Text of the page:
New constituent assembly guidelines referred to Egypt parliament speaker

Ahram Online, Monday 28 May 2012

Parliament’s legislative affairs committee refers new draft guidelines for formation of constituent assembly – tasked with drafting new national charter – to Parliamentary Speaker Saad El-Katatni

Saad el-Katatni
Saad El-Katatni, Egypt's newly-elected parliament speaker (Photo: AP)

According to independent daily Al-Shorouk, Parliament’s legislative affairs committee on Saturday referred new draft guidelines for the formation of a constituent assembly – tasked with drafting a new constitution – to Parliamentary Speaker Saad El-Katatni.

A joint meeting between the upper and lower houses of Egypt’s parliament is expected to be held soon to approve the new guidelines. Both chambers will subsequently elect members of the new constituent assembly based on the approved guidelines.

"We delivered a full report to El-Katatni including all recommendations and requesting a joint meeting,” said Mohamed El-Omda, deputy head of the legislative committee. “If we issue the law without referring to the Shura Council, the law will lack legitimacy.”

Wahid Abdel-Meguid, independent MP and coordinator of the Muslim Brotherhood's Democratic Alliance for Egypt coalitionwho plays a mediating role between Egypt’s various political forces in the constitution-drafting process, stated that the legislative committee was "working unilaterally, largely disregarding what political forces have agreed upon. The new draft only represents procedural arrangements.”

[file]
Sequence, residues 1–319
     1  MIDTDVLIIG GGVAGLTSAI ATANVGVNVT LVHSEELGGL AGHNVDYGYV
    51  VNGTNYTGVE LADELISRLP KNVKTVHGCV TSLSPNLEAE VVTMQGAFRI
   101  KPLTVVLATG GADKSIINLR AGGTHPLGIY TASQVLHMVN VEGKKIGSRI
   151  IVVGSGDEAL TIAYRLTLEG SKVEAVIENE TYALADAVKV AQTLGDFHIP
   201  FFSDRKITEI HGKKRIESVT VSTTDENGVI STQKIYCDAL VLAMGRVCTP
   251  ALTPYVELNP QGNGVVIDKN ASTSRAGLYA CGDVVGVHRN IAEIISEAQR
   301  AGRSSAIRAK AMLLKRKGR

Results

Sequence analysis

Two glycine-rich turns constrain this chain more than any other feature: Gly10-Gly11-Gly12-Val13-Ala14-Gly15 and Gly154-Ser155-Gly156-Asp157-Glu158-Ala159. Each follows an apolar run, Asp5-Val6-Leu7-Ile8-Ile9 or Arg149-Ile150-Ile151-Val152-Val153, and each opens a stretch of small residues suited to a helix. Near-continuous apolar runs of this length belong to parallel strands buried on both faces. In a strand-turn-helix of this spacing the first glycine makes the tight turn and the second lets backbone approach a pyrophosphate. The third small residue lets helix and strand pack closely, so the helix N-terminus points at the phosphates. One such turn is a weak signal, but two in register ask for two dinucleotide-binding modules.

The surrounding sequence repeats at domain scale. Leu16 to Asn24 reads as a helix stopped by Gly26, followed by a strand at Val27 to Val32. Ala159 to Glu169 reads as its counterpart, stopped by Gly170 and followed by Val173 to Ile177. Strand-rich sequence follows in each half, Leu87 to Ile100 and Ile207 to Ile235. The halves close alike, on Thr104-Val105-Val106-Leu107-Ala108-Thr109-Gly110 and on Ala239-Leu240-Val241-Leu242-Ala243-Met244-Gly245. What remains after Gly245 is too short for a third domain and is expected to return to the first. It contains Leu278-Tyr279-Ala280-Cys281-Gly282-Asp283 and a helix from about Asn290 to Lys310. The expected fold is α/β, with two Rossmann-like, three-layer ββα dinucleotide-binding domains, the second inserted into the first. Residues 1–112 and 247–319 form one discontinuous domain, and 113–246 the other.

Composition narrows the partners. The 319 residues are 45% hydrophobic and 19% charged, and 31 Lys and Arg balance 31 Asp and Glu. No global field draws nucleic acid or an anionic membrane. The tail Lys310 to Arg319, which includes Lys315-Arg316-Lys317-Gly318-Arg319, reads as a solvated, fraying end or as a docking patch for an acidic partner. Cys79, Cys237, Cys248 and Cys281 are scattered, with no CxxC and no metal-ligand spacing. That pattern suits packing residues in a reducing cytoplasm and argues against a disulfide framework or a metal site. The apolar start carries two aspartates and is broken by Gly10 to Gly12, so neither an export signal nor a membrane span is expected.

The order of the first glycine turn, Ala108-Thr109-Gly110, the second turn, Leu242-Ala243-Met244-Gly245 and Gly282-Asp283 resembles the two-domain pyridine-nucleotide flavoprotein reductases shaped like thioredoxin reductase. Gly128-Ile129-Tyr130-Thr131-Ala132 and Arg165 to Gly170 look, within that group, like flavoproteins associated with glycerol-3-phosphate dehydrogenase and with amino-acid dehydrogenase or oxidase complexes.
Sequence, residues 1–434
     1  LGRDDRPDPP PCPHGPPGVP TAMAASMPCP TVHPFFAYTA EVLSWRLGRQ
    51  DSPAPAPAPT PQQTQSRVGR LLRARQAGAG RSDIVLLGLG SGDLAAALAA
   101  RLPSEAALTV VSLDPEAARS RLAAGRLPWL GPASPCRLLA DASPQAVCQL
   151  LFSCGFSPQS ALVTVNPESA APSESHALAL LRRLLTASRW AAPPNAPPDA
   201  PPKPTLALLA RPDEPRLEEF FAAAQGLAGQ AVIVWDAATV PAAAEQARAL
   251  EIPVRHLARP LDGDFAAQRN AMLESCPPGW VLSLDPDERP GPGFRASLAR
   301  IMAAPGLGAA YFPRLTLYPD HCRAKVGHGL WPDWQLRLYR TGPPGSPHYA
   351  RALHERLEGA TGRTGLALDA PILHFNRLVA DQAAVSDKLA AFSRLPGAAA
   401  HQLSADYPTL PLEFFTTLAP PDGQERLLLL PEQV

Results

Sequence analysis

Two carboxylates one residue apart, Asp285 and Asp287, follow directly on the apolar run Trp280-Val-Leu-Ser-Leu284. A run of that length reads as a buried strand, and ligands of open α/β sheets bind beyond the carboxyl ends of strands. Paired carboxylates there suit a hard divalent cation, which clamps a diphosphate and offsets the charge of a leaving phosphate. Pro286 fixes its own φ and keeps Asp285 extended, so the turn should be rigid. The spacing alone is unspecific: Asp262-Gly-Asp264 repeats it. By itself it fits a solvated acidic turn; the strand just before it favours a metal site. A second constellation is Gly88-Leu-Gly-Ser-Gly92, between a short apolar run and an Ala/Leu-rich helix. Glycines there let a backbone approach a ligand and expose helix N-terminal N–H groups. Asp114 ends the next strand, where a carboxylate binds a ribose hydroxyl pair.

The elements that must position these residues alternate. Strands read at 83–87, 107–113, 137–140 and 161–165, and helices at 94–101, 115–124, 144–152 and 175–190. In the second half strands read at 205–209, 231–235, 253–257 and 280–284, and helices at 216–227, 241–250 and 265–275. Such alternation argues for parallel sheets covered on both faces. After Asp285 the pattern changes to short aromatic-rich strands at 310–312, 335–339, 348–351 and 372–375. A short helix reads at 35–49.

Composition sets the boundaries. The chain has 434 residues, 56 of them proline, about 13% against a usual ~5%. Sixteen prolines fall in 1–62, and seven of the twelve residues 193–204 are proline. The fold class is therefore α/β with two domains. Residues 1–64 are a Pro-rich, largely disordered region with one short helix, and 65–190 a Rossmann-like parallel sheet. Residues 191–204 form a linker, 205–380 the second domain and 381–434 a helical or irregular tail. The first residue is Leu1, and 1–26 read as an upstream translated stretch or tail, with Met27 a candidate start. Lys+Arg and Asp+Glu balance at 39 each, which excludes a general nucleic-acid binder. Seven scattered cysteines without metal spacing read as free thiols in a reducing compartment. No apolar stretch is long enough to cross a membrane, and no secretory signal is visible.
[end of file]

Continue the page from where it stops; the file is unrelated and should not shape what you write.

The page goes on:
The new guidelines for the formation of the constituent assembly consist of 13 articles governing the functioning of the assembly.

According to the proposed articles, the assembly should draft a new constitution within one month of the new guidelines being issued, while the assembly should represent all segments of Egyptian society.

The proposed articles also stipulate that Parliament receive candidacy recommendations for assembly members from various public institutions, parties and groups, as well unions and syndicates.

In April, Egypt’s Supreme Administrative Court suspended a constituent assembly elected by members of parliament, which, the court ruled, had violated last year’s constitutional declaration.

Liberal and leftist assembly members withdrew from the constitution-drafting body in March to object to the large proportion of Islamist figures on the assembly. The withdrawals created a major headache for both the Islamist-led Parliament and the Muslim Brotherhood’s Freedom and Justice Party, who hold the most seats in Parliament, in terms of their efforts to draw up a new national charter.

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